The Future of Money with Bitcoin and Blockchain
Inside the DCU FinTech Innovation Center (a Workbar partner location and financial technology incubator) the emerging technologies of bitcoin and blockchain have already emerged. Havell Rodrigues, CEO/Founder of one of the Center's Member Companies, Adjoint, and Jason Morton, the Center's Entrepreneur in Residence, are experts in blockchain and discussed how this technology is shaping the future of money.
"Blockchain is the future of the internet, or what the internet-of-value could be." When Rodrigues describes blockchain's potential he warns me that it gets pretty technical pretty fast. One of its more well-known applications of it is bitcoin, a digital cryptocurrency. No one controls it, no one prints it out, and there will only ever be 21 million of them in "circulation." Doubtful as it may seem, bitcoin does have the properties of currency: scarcity, fungibility, divisibility, durability, transferability. From its humble beginnings in cryptography circles circa 2008, bitcoin's popularity exploded along with the need for anonymous e-commerce transactions on Dark Web sites like the Silk Road; now giants like Overstock.com and Microsoft accept them. But the real magic of bitcoins is made possible by the "Distributed Ledger Technology" behind blockchain, a kind of "incorruptible" digital ledger that lives like an irrefutable electron – everywhere and nowhere at once.
As Rodrigues puts it, "This is the next level of value creation and exchange."
So why is it called blockchain? "Well, 'Block', is used because transactions are reported in blocks in a database, which provides immutability through the concept of 'chain', the concept of 'hashing'. Essentially the system creates a hash of the underlying database, a new block is added to the database, and then blocks are chained together where all participants have guarnatee of immutability of data. No one can go back in time and change previously recorded data. You change the data, you change the hash- it won’t match hash that everyone else has." Because this system is open-source and updated constantly, it's too ubiquitous and too fast to hack.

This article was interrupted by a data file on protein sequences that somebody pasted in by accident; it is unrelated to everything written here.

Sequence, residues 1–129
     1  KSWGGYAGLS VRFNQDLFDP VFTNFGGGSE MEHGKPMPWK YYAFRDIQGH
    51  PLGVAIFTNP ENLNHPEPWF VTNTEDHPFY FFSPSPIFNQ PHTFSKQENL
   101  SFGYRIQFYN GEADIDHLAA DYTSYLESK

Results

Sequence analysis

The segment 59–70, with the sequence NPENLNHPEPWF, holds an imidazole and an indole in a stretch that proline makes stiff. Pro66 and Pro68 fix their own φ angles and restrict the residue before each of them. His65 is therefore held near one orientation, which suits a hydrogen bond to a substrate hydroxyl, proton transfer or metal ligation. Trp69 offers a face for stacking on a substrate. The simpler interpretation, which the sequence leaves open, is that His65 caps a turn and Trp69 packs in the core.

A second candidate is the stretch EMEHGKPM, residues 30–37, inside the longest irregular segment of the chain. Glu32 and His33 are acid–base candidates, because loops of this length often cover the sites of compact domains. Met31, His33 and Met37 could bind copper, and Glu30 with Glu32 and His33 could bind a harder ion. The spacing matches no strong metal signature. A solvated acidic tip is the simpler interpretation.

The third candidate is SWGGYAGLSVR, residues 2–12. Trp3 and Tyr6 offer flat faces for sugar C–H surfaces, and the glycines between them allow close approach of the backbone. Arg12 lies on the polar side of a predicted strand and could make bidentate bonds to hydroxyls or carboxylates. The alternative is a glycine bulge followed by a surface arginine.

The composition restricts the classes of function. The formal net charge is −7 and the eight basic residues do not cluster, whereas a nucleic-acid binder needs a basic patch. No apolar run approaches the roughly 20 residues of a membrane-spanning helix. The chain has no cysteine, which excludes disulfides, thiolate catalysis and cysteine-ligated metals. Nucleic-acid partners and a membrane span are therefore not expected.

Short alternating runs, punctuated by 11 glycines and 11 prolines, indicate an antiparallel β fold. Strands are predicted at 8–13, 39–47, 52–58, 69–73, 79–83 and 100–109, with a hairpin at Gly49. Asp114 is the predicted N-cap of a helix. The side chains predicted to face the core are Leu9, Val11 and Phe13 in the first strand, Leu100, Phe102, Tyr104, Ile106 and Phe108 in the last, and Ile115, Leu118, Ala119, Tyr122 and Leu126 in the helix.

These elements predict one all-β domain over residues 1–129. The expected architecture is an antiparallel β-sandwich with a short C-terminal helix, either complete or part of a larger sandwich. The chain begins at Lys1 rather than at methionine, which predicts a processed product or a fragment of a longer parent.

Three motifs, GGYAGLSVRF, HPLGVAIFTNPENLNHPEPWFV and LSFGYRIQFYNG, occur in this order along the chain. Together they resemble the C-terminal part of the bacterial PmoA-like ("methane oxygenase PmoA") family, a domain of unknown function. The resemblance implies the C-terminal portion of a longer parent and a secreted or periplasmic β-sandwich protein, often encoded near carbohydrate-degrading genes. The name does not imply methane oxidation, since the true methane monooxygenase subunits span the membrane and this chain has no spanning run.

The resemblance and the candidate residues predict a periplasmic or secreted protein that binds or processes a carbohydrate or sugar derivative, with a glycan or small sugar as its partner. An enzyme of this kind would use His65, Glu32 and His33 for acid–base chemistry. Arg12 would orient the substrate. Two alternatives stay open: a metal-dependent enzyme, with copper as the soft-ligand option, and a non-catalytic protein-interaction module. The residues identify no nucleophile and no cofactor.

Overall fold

It's also catching on. "Financial institutions have taken a big step forward, doing proof of concepts and experimenting with private blockchains to see what it can do. They have seen the business value of this technology, especially in its role of reconciliation of financial transactions, and are going into production mode," including the DTCC. "I've got a bullish optimism with blockchain, or what I prefer to call Distributed Ledger Technology," he says, before walking through a range of applications that eventually veer towards sustainability and the sharing economy.
"Blockchain removes inefficiencies, enables new business models, and drives down costs from the system of investing. There's less paper trail, but a clear audited digital trail. Put entire communication trails onto blockchain, with smart contracts automating work flows, and make this info accessible only to relevant counterparties or to regulators."
Jason Morton is taking time off from being a math and statistics professor at Penn State to focus on his startup, and he waxes pragmatic and political when discussing blockchain. "One of the most interesting things to watch now is how [blockchain] interacts with the regulatory and geopolitical environment. By now it is clear that political instability - be it India's currency recall or Trump's rapid actions on trade and international relations - benefits blockchain technologies due to their role as a hedge and their permissionless nature."
While lack of regulation leads to heightened risk and uncertainty, Morton maintains that restrictive regulation keeps too much money on the sidelines, choking business models before they can develop. Because the new administration is in the midst of a rollback of Dodd-Frank and other components of regulatory frameworks, "This seems like an odd time to aggressively regulate public blockchain initiatives, so it is likely we can expect a period of lassiez-faire for blockchain while the focus is elsewhere."
While this bodes well for blockchain's future and acceptance, Morton warns that "the relatively high level of regulation we have experienced was likely a two-edged sword for blockchain technologies." On the one hand, it has increased demand for tokens (such as bitcoins) but it has also kept a lot of people from wanting to get involved in public blockchain projects due to concerns over regulatory risk. "So a reduction in regulation could go either way. The need for token-based crowdfunding may be reduced... or, blockchain-based mechanisms could have the freedom to become the dominant platform."
With the FinTech sector enthusiastically exploring its applications, blockchain is primed for "disruptive" innovation. As Rodrigues puts it layman's terms, "The system is safer and better than emails and faxes, which are sadly still used today. You could have Uber or Airbnb decentralized; you could have peer to peer real sharing economies using this underlying technology."
Mass collaboration and advances in coding are replacing intermediaries like governments and banks, and the revolutionary shift triggered by blockchain will be a crucial component of the Internet's Next Big Thing. And if you stand in the right place, you can already see it coming.
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